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Entries in franchise agreements (5)

Monday
Jul092018

Tax Franchisee Terminated for Sharing Space With CannaBiz

Franchise LitigationFranchise Litigation

by Matthew J. Soroky

818-907-3022

 

In Devore v. H&R Block, the franchisor H&R Block was found to have lawfully terminated a franchisee for violating an in-term non-compete covenant, because the franchisee permitted its office manager and prior operator of the franchised business to offer tax return preparation services as part of his separate cannabis consulting business, all within the same office space as the franchised business, for multiple years. 

Cannabiz Tax Franchise

When the prior operator, Gordon Gates, sold the H&R Block office to the franchisee, he agreed to accept a portion of the purchase price during a three-year “earn out period” and to remain the office manager of the H&R Block until the purchase price was paid in full.  During those three years, the franchisee permitted Gates to operate “Cannabiz Accounting” from the H&R Block office. The business focused on cannabis consulting, but generated approximately 50 to 60 tax returns. None of the revenue generated by Cannabiz Accounting was reported to H&R Block. 

Gates eventually relocated offices, but he kept the franchisee’s principals and other employees of the H&R Block offices listed on his company website, which was then renamed “Gates & Associates.” The discovery of the franchisee’s names prompted the franchisor to terminate the franchisee, and to demand an accounting and payment of royalties due as a result of the breach.

Gates’ relationship with the franchisee was found to be a clear violation of the franchise agreement’s prohibition against direct or indirect engagement in a competing business. That section prohibited the franchisee from “engag[ing] directly or indirectly…in any business which offers any product or service the same or similar to [income tax preparation services] … within 45 miles of the Franchise Territory.”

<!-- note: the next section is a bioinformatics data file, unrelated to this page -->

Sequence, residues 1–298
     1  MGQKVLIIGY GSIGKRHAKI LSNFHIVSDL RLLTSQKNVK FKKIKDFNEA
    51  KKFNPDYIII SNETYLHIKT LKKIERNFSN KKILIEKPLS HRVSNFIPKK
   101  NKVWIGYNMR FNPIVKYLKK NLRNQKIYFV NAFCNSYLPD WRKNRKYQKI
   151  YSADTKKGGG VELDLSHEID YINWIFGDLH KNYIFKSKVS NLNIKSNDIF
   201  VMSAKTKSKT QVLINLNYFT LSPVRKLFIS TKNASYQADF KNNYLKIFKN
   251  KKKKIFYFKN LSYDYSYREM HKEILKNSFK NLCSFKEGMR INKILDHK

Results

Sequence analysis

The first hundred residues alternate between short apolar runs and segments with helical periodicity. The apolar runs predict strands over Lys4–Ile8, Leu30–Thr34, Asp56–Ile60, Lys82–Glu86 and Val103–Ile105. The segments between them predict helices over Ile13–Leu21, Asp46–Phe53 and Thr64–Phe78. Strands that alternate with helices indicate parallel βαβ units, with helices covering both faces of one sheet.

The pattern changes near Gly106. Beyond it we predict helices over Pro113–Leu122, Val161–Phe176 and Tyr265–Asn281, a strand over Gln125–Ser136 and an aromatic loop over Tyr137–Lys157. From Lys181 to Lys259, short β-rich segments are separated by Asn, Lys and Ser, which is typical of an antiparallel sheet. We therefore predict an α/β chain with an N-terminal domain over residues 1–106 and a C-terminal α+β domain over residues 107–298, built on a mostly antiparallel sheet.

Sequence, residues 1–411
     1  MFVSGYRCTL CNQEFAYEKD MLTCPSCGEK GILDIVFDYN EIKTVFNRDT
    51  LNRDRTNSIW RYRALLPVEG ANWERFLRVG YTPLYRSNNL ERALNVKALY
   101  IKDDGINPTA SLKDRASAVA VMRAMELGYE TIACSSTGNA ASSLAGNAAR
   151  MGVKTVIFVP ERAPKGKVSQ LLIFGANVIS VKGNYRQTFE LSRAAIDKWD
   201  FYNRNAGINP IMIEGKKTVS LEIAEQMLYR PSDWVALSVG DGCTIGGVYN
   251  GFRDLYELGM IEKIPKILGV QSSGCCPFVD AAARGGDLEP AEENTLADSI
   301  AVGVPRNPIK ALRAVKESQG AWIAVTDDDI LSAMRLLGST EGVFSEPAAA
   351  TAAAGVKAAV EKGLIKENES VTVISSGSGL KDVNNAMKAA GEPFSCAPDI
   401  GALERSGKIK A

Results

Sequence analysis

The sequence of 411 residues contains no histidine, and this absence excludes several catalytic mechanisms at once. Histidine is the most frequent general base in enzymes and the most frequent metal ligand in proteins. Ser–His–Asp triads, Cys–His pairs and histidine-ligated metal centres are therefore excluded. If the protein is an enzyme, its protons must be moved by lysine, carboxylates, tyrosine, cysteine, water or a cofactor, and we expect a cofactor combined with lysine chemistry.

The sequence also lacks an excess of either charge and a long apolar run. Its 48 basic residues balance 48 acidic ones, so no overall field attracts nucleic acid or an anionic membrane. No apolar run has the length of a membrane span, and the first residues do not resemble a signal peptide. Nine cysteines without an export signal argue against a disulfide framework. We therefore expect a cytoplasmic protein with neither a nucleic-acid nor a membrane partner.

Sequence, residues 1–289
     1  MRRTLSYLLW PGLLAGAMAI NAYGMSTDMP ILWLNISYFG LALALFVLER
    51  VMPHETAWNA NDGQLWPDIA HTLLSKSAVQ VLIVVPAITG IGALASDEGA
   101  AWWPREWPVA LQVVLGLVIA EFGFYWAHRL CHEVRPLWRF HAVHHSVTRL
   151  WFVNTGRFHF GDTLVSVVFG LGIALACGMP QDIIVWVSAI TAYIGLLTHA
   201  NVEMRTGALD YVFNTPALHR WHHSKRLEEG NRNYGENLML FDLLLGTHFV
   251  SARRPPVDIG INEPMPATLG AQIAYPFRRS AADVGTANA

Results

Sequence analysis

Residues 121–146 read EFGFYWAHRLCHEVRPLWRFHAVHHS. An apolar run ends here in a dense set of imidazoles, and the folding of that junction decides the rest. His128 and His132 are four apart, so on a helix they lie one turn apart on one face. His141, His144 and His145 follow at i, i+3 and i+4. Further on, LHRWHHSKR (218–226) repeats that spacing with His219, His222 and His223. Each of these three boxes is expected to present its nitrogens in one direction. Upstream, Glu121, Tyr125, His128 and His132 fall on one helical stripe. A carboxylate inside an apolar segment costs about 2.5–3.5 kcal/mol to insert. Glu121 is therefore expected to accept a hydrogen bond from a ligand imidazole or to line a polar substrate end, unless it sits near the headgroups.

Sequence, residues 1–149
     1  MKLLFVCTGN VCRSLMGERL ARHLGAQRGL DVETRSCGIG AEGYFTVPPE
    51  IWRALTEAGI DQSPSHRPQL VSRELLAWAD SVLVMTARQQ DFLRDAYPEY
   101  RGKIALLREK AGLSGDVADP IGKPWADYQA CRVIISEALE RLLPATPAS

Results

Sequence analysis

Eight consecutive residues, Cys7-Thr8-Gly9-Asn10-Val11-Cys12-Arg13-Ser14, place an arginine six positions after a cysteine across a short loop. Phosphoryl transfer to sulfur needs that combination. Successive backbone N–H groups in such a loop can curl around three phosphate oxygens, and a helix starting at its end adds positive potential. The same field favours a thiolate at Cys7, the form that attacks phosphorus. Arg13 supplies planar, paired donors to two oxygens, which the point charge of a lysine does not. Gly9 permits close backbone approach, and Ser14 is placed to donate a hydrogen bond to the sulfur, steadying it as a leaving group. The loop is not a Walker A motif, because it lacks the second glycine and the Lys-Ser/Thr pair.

The franchisee argued that it did not engage in the competing Cannabiz Accounting business because it neither controlled nor received revenue from it. The trial court rejected this argument because it was undisputed that the franchisee breached the agreement by providing Gates with office space. 

An in-term non-compete covenant in a franchise agreement is typically broad enough to prohibit all conceivable forms of direct and indirect competition with the franchisor. Franchisees may be surprised to learn there are other, more subtle ways a franchisee may indirectly breach this covenant.  

 

Matthew J. Soroky is an attorney in our Franchise and Distribution Practice Group.

Disclaimer:
This Blog/Web Site is made available by the lawyer or law firm publisher for educational purposes only, to provide general information and a general understanding of the law, not to provide specific legal advice. By using this blog site you understand there is no attorney client relationship between you and the Blog/Web Site publisher. The Blog/Web Site should not be used as a substitute for obtaining legal advice from a licensed professional attorney in your state.

Thursday
Jun212018

Why Today's SCOTUS Decision May Impact Franchisor Royalties

Franchise & Distribution Law

 

 

by Taylor M. Vernon

818-907-3027

 

Today, in South Dakota vs. WayFair, Inc., et al.,  the United States Supreme Court (“Court”) overturned long-standing precedents that required an out-of-state Seller to have a physical presence in a state  to collect sales tax from consumers in that state.

Online Purchase Sales Tax - SCOTUS Decision

The South Dakota law (Senate Bill 106 enacted in 2016) being challenged by giant online retailers, Wayfair, Inc., Overstock.com, Inc., and Newegg, Inc. – none of which had a physical presence in South Dakota – requires out-of-state retailers to collect and remit sales tax “as if they had a physical presence in the state.”